Vienna in the Age of Uncertainty
Science, Liberalism, and Private Life
Vienna in the Age of Uncertainty traces the vital and varied roles of science through the story of three generations of the eminent Exner family, whose members included Nobel Prize–winning biologist Karl Frisch, the teachers of Freud and of physicist Erwin Schrödinger, artists of the Vienna Secession, and a leader of Vienna’s women’s movement. Training her critical eye on the Exners through the rise and fall of Austrian liberalism and into the rise of the Third Reich, Deborah R. Coen demonstrates the interdependence of the family’s scientific and domestic lives, exploring the ways in which public notions of rationality, objectivity, and autonomy were formed in the private sphere. Vienna in the Age of Uncertainty presents the story of the Exners as a microcosm of the larger achievements and tragedies of Austrian political and scientific life in the late nineteenth and early twentieth centuries.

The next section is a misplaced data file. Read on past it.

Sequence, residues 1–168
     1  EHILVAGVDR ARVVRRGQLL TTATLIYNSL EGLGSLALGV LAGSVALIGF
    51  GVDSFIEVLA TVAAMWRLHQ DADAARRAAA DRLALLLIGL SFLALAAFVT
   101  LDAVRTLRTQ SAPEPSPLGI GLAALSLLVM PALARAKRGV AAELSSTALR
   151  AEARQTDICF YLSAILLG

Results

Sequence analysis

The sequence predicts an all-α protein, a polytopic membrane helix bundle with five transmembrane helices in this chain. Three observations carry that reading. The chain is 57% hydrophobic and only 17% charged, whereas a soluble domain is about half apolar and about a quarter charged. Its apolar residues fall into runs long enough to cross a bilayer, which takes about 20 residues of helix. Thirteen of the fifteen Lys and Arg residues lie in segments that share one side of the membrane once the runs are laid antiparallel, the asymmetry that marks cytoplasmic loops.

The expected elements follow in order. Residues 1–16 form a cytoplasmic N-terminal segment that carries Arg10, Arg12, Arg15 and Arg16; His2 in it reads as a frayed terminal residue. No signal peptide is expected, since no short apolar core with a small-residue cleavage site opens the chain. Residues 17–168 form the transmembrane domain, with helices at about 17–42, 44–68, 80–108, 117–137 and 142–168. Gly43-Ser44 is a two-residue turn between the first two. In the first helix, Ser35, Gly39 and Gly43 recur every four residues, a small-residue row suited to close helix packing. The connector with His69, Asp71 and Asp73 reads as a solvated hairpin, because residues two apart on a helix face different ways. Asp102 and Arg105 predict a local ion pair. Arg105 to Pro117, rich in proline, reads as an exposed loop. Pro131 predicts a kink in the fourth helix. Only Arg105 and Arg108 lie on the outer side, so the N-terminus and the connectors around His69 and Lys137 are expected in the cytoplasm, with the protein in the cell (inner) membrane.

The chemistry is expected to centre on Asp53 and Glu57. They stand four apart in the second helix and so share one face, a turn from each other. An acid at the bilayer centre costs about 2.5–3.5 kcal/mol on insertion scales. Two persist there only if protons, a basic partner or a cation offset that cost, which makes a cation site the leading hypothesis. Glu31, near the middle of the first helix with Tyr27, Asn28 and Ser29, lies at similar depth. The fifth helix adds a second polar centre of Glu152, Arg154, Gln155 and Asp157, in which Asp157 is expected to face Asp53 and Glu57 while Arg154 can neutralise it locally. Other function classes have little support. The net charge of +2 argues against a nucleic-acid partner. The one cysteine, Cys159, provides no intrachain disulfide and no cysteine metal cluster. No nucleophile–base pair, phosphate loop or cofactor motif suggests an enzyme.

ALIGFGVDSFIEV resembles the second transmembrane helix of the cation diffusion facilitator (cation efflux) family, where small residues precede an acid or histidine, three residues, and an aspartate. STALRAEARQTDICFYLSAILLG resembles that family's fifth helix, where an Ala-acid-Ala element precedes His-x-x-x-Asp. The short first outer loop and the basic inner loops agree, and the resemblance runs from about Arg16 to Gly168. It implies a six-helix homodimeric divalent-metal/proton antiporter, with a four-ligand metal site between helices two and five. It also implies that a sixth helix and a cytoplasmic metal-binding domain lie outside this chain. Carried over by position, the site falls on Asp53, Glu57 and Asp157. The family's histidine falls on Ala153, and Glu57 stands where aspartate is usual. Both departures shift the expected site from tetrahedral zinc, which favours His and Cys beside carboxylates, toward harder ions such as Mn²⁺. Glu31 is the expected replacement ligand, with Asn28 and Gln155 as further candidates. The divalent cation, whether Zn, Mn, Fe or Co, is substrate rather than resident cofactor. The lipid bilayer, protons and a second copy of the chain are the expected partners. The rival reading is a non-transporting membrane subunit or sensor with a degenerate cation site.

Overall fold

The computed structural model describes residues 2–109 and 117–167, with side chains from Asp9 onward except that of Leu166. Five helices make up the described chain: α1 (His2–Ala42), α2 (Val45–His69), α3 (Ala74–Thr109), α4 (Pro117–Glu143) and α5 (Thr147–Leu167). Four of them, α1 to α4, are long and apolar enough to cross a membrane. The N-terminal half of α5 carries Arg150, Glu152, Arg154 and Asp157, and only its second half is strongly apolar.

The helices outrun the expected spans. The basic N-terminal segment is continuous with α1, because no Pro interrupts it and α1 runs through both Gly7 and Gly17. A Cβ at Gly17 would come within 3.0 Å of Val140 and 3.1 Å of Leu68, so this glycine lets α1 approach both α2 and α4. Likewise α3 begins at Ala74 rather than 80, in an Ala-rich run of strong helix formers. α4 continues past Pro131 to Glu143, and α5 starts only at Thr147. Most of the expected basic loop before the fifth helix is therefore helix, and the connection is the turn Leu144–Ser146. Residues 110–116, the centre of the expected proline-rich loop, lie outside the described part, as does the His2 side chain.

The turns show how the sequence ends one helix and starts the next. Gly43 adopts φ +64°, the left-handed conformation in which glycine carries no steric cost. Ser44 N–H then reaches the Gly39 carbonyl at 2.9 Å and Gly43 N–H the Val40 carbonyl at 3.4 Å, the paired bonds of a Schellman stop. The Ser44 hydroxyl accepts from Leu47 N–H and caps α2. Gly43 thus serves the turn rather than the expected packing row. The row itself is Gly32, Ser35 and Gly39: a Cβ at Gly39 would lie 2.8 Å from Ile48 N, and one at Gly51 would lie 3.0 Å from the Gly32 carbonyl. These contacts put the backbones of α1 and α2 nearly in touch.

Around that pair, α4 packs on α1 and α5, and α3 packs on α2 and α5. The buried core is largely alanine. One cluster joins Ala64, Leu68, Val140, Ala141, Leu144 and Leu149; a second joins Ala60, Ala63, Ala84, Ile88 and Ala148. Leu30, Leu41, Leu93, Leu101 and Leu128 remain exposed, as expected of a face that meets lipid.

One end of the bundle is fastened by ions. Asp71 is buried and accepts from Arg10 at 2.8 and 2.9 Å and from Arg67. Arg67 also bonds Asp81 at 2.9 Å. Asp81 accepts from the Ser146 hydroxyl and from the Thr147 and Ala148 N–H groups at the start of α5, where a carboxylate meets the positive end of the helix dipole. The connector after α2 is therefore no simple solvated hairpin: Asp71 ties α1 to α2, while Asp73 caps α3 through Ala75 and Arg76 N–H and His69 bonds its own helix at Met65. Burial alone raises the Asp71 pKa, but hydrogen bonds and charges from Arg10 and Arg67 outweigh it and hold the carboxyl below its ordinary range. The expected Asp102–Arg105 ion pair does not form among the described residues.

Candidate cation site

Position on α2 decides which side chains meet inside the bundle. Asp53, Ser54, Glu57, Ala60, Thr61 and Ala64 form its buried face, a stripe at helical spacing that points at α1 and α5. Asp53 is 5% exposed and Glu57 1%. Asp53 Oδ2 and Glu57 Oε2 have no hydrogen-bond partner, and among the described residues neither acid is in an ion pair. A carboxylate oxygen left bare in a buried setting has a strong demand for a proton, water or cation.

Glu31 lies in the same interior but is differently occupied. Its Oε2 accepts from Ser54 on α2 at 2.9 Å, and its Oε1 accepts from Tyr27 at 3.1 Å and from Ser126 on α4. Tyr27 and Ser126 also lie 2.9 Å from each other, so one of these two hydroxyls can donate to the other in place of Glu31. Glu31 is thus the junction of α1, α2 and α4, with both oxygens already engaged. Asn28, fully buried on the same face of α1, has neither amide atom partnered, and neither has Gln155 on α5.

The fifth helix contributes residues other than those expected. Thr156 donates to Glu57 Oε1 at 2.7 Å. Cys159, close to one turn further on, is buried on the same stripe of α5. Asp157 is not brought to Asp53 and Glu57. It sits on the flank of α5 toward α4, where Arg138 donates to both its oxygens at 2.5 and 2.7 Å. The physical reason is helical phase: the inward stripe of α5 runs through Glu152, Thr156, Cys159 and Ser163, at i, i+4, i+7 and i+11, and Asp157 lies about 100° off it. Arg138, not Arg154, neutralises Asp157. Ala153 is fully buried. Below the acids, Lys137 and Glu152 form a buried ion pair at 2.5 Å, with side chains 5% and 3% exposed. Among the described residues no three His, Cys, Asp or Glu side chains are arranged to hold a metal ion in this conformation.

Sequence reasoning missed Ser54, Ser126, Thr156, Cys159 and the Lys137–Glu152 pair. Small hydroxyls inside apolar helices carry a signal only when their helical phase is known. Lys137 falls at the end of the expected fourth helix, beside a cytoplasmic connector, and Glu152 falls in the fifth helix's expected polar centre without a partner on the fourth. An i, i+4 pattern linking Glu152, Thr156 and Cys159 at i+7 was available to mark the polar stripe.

“A remarkable portrait of a remarkable family in remarkable times: Deborah Coen turns the prodigiously talented Exner family into a microcosm of a distinctively Austrian brand of liberalism in fin-de-siècle Vienna. She deftly interweaves science and politics, family and landscape, aesthetics and medicine. As vivid as the Exners themselves is their core value of uncertainty—as scientific tool, metaphysical postulate, and moral stance. This is a fresh look at an extraordinarily creative milieu, in which reason and affect joined forces to forge a new way of thinking, feeling, and living.”
“Vienna in the Age of Uncertainty locates the particular quality of Austrian liberalism in its practitioners’ bold assertion of the moral value of probabilistic reasoning. Defying the absolutism of politically entrenched Catholic dogma and the relativism of radical skeptics, the professorial Exner family and its allies transformed the worlds of education, science, law, and politics in the century after 1848. Deborah Coen’s authoritative account traces the seamless connections between the family’s domestic experience and the unique character of its members’ scientific research and active civic engagement. She argues persuasively that the Exners’ family life, particularly their summers in the Austrian countryside, provided a critical foundation for their monumental achievements in science and politics. This stunning volume, imaginatively conceptualized, meticulously researched, and superbly realized, will transform historians’ thinking about European liberalism in the nineteenth and twentieth centuries.”